In 1930, Spitzer formed Congo Pictures. He decided to make a sexploitation film to revive his career. After coming up with the story, he hired sometime screenwriter and playwright Adam Hull Shirk to write the script.

The idea was to cull footage from previous documentaries no one would remember. The highlight of the film would be the "discovery" of an African tribe who worshipped gorillas. Once a year, the tribe turns a woman over to a male gorilla, who has sex with her.

Gorillas were a relatively new species at the time. The first gorilla bones were only collected in 1847, and the first live gorilla only spotted in 1861. A dozen dead specimens and a handful of live ones made an appearance over the next 40 years, but it wasn't until the 1920s that the "homeland" of gorillas was located and scientific study made of them. Even then, the prevalent idea was that gorillas were highly violent.

Faux documentaries were unheard of at the time. Ingagi was really the first. Anthropological documentaries were well known, and included Grass: A Nation's Battle for Life (1925; a nomadic Iranian tribe moves to find grass for its cattle), Chang: A Drama of the Wilderness (1927; a Thai boy grows up), and The Silent Enemy (1930; the cultural ways of embittered Ojibwa).

Fake documentaries like Africa Speaks! (August 1930; monsters, disfigured tribal people, and a faked scene of a lion ripping a man limb from limb), Ubangi (1931; a fake investigation into a 1924 expedition whose filmmaker was killed by a charging hippo), The Blonde Captive (1931; a fake investigation into "humans most closely related to Neanderthals" which discovers a blonde European woman living with Australian Aborigines), Virgins of Bali (1932; two virgin women lounge about in the nude prior to their marriage and deflowering), and Wild Women of Borneo (1932; half-naked women lounge about smoking [!] and enticing men into sex) would all come later.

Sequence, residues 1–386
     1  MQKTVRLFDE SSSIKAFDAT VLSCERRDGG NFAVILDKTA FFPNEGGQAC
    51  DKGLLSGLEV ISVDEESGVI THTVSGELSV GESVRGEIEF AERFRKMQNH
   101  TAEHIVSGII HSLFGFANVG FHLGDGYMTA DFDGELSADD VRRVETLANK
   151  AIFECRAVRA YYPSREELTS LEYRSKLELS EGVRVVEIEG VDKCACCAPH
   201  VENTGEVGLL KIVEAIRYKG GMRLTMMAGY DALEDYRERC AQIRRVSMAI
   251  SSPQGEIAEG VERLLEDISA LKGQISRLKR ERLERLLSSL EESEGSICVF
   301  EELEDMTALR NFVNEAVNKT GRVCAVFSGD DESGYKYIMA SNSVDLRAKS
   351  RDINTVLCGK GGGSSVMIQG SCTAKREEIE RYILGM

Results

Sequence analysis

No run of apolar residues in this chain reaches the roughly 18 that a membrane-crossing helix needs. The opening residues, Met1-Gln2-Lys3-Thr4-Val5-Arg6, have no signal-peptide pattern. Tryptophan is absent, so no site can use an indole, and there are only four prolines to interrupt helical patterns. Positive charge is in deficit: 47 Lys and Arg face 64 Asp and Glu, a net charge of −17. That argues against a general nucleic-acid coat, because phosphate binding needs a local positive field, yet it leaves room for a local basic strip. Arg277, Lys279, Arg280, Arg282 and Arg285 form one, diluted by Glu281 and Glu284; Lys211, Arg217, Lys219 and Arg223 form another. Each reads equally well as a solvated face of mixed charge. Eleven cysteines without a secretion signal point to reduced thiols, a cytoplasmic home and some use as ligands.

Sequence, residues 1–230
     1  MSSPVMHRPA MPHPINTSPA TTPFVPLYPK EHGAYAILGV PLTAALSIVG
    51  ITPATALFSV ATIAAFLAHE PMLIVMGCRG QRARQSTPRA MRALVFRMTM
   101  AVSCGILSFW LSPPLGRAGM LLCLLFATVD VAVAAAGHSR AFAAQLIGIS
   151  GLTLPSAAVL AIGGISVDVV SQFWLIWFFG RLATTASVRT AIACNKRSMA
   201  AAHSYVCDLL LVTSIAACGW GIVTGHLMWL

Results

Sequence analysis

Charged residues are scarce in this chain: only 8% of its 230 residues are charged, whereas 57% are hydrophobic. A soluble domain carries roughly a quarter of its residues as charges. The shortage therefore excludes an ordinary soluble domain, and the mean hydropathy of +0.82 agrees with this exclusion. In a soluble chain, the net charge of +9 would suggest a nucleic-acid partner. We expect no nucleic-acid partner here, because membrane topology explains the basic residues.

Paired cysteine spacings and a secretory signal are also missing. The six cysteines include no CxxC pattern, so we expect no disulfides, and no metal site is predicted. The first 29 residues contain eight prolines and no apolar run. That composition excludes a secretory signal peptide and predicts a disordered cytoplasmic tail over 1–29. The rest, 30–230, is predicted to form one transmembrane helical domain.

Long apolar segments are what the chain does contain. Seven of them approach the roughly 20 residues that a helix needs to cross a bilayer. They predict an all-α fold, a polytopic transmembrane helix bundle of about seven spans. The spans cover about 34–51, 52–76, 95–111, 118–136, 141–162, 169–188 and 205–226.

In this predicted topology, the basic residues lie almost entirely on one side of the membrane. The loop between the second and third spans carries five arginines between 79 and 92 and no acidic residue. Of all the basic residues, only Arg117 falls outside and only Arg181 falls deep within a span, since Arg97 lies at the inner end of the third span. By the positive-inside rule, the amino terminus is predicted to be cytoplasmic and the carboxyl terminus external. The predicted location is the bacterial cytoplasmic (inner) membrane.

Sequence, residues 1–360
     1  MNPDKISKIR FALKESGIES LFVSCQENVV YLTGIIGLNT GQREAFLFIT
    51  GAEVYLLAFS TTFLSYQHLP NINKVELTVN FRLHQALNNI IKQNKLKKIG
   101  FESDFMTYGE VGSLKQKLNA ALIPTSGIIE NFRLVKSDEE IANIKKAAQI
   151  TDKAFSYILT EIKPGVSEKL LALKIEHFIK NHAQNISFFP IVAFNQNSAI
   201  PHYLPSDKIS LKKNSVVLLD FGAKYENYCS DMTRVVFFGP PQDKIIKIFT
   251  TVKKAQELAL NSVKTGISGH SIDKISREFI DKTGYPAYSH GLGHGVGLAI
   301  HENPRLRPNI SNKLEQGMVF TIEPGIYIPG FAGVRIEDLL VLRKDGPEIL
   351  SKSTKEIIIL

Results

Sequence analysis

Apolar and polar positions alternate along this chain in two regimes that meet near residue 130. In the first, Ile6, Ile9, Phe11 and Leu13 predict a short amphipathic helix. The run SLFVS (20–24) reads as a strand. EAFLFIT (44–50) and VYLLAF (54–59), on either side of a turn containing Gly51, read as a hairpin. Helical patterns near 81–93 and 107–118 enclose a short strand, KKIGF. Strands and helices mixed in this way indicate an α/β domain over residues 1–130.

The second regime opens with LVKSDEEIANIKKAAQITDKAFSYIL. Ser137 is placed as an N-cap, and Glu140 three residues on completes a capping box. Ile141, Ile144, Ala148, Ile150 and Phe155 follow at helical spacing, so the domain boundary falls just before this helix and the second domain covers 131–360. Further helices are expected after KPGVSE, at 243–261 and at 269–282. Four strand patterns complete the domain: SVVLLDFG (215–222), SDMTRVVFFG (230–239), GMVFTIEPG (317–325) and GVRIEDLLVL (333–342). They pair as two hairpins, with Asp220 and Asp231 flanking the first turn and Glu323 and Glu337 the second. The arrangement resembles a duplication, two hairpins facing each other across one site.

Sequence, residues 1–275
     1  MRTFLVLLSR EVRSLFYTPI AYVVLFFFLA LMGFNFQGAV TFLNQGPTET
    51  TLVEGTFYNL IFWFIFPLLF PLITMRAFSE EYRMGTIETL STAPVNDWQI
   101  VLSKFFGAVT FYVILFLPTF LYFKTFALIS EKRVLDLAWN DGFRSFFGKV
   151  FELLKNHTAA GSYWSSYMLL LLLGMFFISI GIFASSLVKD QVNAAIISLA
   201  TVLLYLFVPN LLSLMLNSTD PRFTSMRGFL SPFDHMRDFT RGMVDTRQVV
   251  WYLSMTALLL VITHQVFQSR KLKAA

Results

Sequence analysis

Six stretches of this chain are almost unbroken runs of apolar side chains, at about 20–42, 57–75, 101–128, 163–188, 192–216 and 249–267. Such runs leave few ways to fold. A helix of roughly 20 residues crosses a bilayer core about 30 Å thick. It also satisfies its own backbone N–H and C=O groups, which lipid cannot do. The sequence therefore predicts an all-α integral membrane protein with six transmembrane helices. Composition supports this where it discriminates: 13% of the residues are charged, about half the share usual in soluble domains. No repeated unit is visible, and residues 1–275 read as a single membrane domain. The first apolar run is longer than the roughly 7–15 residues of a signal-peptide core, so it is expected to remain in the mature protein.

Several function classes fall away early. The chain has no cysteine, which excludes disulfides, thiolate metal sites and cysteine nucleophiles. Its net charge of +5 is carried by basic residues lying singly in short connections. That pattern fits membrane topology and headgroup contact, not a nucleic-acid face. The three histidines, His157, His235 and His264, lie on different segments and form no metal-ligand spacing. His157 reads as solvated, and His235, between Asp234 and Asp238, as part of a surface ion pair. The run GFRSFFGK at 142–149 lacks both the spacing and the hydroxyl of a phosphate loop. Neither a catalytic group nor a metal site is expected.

Released in both silent and sound versions, Ingagi stole 16-year-old documentary footage from the film Heart of Africa and a few shots from Chang and spliced it together with contemporary footage shot at the Los Angeles Zoo. The "native women" were African Americans hired from Central Casting. The "pygmies" were local Black children made up to look like adults. Legendary gorilla portrayer Charles Gemora not only played the part of the rapist gorilla, but also designed his own suit at the whopping cost of $1,000. (A lever attached to his lower jaw moved the ape's mouth open and caused the lips to snarl.)

There was no real attempt to make the contemporary footage look old. It was crisp and clean. The costume given to the uncredited actor portraying "Sir Hubert Winstead" didn't even match that of the real explorers in the 1914 footage.